So many of the young people’s concerns were moral and spiritual at heart, and so it was disappointing that the document’s drafters were so diffident about mentioning the moral teaching of the Church. Some of us tried to get in more about the Church’s teachings on the natural law, moral absolutes, prudence and the operation of conscience, and on specific issues such as life and sex, and there were improvements. The final document would have been more helpful if it was clearer on such things.
Why do you think there was so little on these matters in the documents?
One factor was probably the desire to respond to the perceived preferences of contemporary youth culture, which is so often at odds with the Catholic Tradition on moral matters. Another factor that I sensed was an implicit view that the previous two (or more) pontificates had been too intellectual, too catechetical, too determinative, and that this synod should mark a shift that has been occurring from the head to the heart, from speculative and moral intellect to affective discernment.
The drafters seemed uncomfortable, not just with particular teachings of the magisterium, but also with the methodology of the magisterium to date and with the way it prized the practical intellect.
What are your views on the paragraphs on homosexuality?
The “LGBT” talk is gone, and the final document is much more careful to follow the Church’s teaching Tradition about these things, rather than the spirit of the age. It gently restates or points toward Catholic teaching on man and woman, sexuality and marriage, and away from reducing people to their sexual desires.
Some of us might have liked it clearer and stronger — for instance, I don’t think the final document is clear about the goal of generating children. But it’s significantly better than the working document and the draft final document.
Was there a problem with translations of the final document?
Some of the organizers seemed to resent that at least half the synod fathers and nearly all the auditors did not speak Italian. But the fact is that less than 1% of the world’s population speaks Italian.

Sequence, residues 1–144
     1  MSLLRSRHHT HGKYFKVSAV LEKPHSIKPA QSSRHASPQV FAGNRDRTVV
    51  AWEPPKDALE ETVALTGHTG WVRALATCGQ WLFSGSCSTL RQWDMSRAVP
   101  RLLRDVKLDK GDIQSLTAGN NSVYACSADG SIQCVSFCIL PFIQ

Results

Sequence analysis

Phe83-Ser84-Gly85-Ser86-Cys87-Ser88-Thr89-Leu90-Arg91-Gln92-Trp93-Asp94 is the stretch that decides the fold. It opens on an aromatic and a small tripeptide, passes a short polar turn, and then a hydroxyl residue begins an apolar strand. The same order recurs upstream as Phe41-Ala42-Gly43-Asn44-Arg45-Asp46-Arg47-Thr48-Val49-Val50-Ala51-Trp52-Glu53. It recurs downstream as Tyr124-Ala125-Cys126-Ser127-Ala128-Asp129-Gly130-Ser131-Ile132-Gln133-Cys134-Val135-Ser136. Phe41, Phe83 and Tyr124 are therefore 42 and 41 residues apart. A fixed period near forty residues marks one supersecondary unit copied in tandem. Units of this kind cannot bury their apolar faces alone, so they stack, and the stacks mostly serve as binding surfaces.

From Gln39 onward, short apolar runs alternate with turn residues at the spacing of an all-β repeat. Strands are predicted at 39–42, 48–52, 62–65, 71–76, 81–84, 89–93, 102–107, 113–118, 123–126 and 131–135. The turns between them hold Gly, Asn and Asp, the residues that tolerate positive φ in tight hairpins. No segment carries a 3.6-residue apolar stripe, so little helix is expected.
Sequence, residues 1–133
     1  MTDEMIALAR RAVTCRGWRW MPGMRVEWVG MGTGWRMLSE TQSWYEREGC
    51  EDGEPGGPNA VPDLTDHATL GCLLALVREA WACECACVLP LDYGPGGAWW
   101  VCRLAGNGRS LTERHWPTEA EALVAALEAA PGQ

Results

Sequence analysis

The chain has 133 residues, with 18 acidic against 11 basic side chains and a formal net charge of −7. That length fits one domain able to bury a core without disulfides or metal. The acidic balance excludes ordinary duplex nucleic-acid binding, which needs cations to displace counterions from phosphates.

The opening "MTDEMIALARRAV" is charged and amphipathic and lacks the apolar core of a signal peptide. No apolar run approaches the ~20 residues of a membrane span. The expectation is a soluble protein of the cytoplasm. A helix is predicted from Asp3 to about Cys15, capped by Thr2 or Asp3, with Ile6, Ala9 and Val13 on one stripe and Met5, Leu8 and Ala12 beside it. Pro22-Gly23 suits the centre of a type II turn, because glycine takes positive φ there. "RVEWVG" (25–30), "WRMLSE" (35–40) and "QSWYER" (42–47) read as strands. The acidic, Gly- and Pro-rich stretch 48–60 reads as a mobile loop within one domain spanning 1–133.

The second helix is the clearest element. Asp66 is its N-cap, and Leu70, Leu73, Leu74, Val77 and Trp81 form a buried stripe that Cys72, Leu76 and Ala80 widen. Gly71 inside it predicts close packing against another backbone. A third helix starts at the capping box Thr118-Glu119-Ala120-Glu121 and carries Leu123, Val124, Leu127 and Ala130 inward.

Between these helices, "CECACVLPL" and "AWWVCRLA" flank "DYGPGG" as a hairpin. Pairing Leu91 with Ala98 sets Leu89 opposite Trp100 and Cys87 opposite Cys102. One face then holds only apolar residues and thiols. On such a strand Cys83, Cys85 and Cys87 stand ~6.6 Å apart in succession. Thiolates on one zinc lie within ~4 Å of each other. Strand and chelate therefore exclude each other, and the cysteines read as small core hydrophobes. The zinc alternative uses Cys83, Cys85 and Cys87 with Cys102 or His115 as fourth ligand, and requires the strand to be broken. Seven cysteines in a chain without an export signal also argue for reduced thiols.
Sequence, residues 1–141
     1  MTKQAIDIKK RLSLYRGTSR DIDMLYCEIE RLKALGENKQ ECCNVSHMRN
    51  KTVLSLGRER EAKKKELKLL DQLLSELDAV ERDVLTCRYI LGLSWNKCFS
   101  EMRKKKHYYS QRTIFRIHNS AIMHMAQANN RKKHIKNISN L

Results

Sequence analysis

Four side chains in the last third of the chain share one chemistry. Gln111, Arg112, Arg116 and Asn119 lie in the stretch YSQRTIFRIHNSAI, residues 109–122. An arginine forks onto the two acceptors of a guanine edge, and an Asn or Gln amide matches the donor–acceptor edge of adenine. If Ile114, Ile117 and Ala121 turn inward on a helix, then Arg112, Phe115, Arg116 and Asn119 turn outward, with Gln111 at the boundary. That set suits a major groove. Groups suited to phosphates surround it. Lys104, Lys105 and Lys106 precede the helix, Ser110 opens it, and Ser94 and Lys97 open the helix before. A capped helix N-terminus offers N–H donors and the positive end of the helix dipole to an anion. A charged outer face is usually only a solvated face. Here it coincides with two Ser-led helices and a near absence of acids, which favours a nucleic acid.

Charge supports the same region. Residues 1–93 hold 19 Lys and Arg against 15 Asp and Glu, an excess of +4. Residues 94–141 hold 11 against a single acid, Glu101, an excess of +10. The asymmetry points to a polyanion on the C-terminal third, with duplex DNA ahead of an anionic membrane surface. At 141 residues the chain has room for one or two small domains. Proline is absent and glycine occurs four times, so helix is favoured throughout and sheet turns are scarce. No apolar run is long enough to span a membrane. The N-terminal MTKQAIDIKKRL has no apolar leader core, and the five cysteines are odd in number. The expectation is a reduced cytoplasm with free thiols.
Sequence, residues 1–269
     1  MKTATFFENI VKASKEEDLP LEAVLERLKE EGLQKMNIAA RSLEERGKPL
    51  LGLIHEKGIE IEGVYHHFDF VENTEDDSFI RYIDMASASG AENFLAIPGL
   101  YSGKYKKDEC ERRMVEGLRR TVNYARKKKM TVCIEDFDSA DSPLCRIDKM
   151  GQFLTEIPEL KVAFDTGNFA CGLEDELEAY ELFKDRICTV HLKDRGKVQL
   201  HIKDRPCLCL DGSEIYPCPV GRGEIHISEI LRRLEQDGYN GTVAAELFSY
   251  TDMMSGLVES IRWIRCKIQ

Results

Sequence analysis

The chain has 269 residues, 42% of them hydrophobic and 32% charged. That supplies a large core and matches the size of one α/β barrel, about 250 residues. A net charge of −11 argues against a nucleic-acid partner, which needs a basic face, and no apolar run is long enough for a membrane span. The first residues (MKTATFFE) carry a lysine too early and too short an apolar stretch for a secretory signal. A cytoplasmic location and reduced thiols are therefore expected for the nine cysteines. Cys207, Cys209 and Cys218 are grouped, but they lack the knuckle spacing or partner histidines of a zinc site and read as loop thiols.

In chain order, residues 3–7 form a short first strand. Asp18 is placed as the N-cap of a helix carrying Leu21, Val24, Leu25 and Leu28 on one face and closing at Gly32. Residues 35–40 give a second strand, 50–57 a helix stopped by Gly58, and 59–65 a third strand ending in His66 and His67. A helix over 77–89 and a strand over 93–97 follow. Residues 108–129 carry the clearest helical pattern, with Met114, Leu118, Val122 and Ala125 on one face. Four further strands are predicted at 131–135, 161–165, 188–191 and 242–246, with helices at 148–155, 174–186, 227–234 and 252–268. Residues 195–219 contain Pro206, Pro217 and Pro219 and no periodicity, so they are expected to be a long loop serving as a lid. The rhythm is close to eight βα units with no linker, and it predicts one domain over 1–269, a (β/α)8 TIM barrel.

If the Church is to have truly international meetings, it has to improve its act linguistically and ensure everyone gets the texts in the several official languages of the meeting. That did not happen at this synod. There were other problems with the timetable and synod rules that also left some feeling manipulated.
It’s very difficult to vote on a paragraph just by hearing it through the interpreter, isn’t it?
Yes, it was read so fast the translators struggled to keep up, and the fathers could not take notes in their own language. So we were not always sure what we were being asked to vote Yes or No to.
Any serious international meeting today ensures the delegates get the texts in front of them in the official languages. If the U.N. or trade organizations can do it, so can the Church. …
I recognize, of course, that the Vatican has a small staff compared to many international organizations. But if we are going to invest in the travel, accommodation and time of 300 or so Church leaders and advisers for a whole month, the cost of professional translation would be small by comparison.
How influential and how representative do you think the youth auditors were?
We had a group of 36 young people present throughout. They were delightful. They were lovely to talk to informally, and they were not backward in coming forward in the general assemblies and the small-group discussions. Most of them were very idealistic. It really added to the whole process, having them around. But at times I felt they hunted in a pack: They would clap and cheer and whoop comments that played to a very particular script. Some said the young people were being coached to promote certain viewpoints — I don’t know about that. But one of the most international of the synod fathers observed that there seemed to be no or few young people of a more “classical disposition” (his words) present to speak for that point of view and that this made the young auditors not entirely representative of their generation.
Did you sense that people who were advocating more tradition and orthodoxy, like the Africans, were shut down, perhaps?
No, I don’t think it was just the more traditionally minded who were shut down: We all were. The fact was that after our initial short speeches, it was almost impossible for bishops to get a hearing again in the general assembly.